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Condoleezza Rice Salute to the Abolitionists


Salute to the Abolitionists Ending Modern-Day Slavery


Secretary Condoleezza Rice
Washington, DC
December 19, 2006

4:30 p.m. EST


SECRETARY RICE: Thank you very much. Thank you, Paula, for that kind introduction and thank you for your personal dedication to this work. I want very much to welcome to this gathering Congressman Frank Wolf, Congressman Chris Smith -- you have been stalwart in helping the United States Government to take on its responsibilities in this important cause. Thank you very much. Thank you Reverend Dr. Lyon for that wonderful prayer and I see my cabinet colleague, Jim Nicholson, Secretary of Veterans Affairs. Welcome to all, to members of the diplomatic community and especially to all of you whose efforts we are celebrating here today.

Gathered here this afternoon are many of the men and women who are helping America to lead the 21st century movement to abolish human trafficking. You understand that the egregious abuses of human life and liberty cannot be tolerated by any culture and that when it comes to the nonnegotiable demands of human dignity, we must work to lift up the world to high standards and to high principles.

President Bush shares that spirit. A little more than three years ago, the President made a bold proclamation before the United Nations General Assembly. He singled out the global scourge of trafficking in persons as one of the great crimes of this young century, indeed, one tantamount to the modern day form of slavery. There's a special evil he said in the abuse and exploitation of the most innocent and vulnerable. Those who create these victims and profit from their suffering must be severely punished.

Today, thanks to your efforts, more governments have begun to criminalize and punish the perpetrators of this abuse and that exploitation. And today, thanks to your efforts, America is building new partnerships with many organizations and individuals across the globe that are helping to rescue and shelter the survivors of trafficking. And today, thanks to your efforts, the media has increased its focus on the reality of human trafficking, raising public awareness by telling the horrific stories of victims. In many ways the success of your work is represented in the annual Trafficking in Persons Report. That reports displays the remarkable year-to-year progress that we are encouraging, reflecting a growing cooperation and commitment among governments to join the fight against trafficking, a fight that for every nation must begin at home.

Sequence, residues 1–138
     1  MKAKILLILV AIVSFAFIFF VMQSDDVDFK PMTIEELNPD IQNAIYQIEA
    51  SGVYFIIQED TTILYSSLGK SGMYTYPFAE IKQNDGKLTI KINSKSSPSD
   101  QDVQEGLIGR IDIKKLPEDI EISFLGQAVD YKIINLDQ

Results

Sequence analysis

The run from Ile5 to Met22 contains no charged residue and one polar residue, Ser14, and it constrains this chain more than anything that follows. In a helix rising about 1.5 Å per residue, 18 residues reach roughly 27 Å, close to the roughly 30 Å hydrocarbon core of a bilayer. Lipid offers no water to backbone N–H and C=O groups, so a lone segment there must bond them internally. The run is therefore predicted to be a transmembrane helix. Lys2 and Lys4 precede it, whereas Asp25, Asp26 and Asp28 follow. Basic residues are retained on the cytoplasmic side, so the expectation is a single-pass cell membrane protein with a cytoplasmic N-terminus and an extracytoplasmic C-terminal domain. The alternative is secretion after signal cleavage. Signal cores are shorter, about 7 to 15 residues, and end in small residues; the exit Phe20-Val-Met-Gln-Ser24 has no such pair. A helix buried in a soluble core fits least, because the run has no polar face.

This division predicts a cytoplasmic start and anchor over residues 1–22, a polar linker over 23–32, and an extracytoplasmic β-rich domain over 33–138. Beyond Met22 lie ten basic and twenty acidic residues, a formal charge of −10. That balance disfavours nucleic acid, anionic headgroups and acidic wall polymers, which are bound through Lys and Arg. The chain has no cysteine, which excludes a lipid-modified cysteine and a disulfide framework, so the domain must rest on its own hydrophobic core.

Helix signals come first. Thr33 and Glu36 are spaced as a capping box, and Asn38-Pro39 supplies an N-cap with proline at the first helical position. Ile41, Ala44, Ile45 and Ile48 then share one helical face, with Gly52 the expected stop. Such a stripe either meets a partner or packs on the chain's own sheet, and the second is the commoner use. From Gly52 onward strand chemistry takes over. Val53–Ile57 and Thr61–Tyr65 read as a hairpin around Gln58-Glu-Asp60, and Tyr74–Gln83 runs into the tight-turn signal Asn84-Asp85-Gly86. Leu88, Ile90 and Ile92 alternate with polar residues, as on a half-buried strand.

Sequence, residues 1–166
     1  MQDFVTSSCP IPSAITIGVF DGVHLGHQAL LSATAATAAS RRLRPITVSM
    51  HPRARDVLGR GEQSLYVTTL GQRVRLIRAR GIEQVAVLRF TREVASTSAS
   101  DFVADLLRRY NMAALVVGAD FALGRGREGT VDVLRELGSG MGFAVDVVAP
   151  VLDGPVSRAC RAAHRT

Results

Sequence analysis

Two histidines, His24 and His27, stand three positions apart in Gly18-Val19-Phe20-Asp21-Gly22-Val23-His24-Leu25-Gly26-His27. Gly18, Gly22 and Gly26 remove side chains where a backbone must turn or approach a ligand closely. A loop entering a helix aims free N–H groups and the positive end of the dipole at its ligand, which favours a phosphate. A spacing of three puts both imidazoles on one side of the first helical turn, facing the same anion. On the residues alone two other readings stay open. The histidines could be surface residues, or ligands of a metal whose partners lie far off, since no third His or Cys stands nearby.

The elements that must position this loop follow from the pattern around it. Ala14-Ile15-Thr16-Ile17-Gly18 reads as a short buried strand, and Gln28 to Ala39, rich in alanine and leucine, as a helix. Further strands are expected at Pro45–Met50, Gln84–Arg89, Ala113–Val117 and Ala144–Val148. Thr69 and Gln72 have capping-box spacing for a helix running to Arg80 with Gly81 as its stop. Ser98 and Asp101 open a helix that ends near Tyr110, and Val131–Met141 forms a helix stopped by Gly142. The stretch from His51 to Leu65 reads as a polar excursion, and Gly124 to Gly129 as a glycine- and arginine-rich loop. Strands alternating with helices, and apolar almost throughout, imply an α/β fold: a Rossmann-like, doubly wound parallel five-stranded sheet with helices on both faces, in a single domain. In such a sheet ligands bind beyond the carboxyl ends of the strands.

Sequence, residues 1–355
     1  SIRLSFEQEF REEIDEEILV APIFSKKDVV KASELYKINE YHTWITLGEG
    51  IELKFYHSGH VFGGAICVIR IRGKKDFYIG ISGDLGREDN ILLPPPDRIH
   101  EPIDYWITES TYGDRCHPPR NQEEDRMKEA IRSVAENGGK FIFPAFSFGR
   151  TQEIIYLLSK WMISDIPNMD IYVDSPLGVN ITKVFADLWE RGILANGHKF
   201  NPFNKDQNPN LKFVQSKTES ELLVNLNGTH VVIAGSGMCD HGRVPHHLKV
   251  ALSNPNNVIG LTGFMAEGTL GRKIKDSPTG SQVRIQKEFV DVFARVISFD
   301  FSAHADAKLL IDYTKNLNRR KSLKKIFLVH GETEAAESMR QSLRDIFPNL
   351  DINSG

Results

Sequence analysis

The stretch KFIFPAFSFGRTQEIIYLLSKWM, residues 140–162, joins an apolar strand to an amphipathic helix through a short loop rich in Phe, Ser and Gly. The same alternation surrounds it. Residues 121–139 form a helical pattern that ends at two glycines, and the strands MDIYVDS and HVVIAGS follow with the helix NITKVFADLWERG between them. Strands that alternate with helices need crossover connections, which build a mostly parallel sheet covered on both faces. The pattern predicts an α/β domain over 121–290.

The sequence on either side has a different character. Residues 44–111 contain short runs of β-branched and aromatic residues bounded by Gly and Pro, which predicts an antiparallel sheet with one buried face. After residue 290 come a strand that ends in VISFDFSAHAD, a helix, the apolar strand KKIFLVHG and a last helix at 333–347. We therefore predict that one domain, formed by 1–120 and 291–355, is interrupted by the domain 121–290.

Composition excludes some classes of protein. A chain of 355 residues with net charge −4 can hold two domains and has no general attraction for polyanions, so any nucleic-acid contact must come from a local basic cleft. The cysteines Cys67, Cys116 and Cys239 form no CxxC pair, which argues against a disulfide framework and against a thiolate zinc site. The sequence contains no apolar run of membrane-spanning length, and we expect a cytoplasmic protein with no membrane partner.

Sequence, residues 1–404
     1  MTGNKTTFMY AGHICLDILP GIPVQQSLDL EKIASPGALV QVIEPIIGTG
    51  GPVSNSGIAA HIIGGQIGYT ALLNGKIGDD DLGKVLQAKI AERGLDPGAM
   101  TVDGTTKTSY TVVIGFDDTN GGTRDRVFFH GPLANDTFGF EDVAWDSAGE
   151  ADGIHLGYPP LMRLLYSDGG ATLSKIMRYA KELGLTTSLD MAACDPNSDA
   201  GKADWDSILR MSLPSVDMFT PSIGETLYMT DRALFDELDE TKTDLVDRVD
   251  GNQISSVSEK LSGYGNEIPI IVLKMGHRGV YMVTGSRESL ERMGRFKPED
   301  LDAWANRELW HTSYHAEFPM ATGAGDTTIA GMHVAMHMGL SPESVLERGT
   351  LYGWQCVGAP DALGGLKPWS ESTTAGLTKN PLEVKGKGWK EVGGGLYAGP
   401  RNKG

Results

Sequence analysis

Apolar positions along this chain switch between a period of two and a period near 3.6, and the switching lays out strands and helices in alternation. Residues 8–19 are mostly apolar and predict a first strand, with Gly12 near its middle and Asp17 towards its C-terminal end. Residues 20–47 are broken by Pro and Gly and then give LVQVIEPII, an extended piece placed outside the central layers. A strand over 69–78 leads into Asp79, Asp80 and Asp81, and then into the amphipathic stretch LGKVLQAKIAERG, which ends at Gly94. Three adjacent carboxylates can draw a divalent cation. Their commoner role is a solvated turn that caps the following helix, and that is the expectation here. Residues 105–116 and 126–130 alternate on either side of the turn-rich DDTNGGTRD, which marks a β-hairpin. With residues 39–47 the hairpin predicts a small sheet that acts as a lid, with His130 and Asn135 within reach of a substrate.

Indeed in my travels over the past two years, I have noticed a greater desire among our many partners to fight this terrible crime and protect its victims. Not all of the work is done to be sure, but the work is most assuredly underway and much of the credit for that work belongs to Ambassador John Miller, who I'm sad to say is leaving us at the end of this year. But John you're also leaving something really important behind, a truly remarkable record of accomplishment in our campaign against human trafficking.

Ambassador Miller's work these past four years has helped to build and sustain efforts on the part of dozens of governments to confront the crime of human trafficking, to respond to the plight of victims and to apply justice consistent with the international standards. In short, Ambassador Miller, who has given great inspiration to the people with whom he works, including me, Ambassador Miller, has served as a model for the State Department's transformational diplomacy. As Ambassador-at-Large he has used his diplomatic power to help foreign citizens better their own lives, improve their own nations and transform their own futures. I know that Ambassador Miller's son, Rip, is with him here. I'm glad that you have family here to share in this celebration also of your work, John. But I want to thank you for your tenacity and your determination and I want all present here to applaud you for your dedication to abolish the scourge of trafficking in persons. (Applause.)

Thank you.

###

2006/1130

ENDS


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